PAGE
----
The U.S. economy grew slightly during August, adding 169,000 jobs. This, along with other factors, was enough to push the unemployment rate down to 7.3 percent, its lowest level since December, 2008.
Lower unemployment rates are nothing to frown at, but they can be misleading. August’s lower rate was due, in part, to fewer people in the labor force. And when you consider the number of discouraged workers- those who have given up trying to find work and are not counted in the official unemployment numbers- the actual unemployment rate is still above 13 percent according to most economic estimates.
August’s 169,000 new job positions didn’t do much to excite most economists and to make matters worse, previous estimates for preceding months were revised lower. July's job growth figure was reduced to 172,000 from 188,000 while June’s figure was cut drastically from 162,000 to 104,000.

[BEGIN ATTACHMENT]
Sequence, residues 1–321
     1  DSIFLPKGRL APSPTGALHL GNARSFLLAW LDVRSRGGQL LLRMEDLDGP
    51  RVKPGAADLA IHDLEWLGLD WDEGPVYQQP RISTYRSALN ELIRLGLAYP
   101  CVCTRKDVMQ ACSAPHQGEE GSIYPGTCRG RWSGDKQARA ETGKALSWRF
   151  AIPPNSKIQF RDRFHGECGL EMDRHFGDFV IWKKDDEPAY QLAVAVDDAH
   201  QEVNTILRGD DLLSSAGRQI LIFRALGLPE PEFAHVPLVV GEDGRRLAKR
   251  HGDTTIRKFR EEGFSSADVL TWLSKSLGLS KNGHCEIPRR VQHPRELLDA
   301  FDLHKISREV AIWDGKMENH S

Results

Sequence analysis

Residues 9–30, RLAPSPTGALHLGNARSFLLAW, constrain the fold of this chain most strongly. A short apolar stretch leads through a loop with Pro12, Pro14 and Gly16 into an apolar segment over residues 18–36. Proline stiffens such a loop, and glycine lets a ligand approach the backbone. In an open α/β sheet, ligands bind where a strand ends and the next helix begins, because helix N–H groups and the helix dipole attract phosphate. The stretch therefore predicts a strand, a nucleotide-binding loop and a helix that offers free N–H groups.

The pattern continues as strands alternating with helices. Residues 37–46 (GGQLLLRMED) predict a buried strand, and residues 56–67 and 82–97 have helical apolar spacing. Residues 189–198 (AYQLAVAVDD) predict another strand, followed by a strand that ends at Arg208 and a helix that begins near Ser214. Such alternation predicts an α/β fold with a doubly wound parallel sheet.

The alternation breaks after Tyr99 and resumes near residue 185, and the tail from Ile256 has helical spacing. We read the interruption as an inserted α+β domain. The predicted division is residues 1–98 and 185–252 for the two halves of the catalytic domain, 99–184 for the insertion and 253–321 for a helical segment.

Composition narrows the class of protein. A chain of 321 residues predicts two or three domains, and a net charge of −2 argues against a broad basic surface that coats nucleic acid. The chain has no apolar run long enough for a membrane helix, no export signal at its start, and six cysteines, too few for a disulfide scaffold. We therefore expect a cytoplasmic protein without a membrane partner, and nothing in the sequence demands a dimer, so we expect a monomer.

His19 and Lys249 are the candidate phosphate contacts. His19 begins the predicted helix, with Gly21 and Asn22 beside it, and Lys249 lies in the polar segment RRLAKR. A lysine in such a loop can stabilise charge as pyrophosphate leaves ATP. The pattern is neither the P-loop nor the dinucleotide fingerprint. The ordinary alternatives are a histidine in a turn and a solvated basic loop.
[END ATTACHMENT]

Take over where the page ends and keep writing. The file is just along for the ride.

Other statistics paint an equally bleak picture. The unemployment rate among African Americans increased from 12.6 percent to 13 percent in August and the average duration of unemployment for all jobless workers reached a five-month high at 37 weeks. And the majority of the gains were in areas that traditionally do not pay very well. Retail jobs led the way, with 44,000 new positions followed by health care at 33,000, professional and business services at 23,000 and bars and restaurants at 21,000.
Still, in spite of the disappointing Bureau of Labor Statistics numbers, reactions on Wall Street were positive. Stock indices are up in the U.S. in early trading and interest rates are lower. Investors, however, are heeding caution and waiting to see a reaction from the Fed, which now may delay any attempts to end economic stimulus in light of the official August employment figures.
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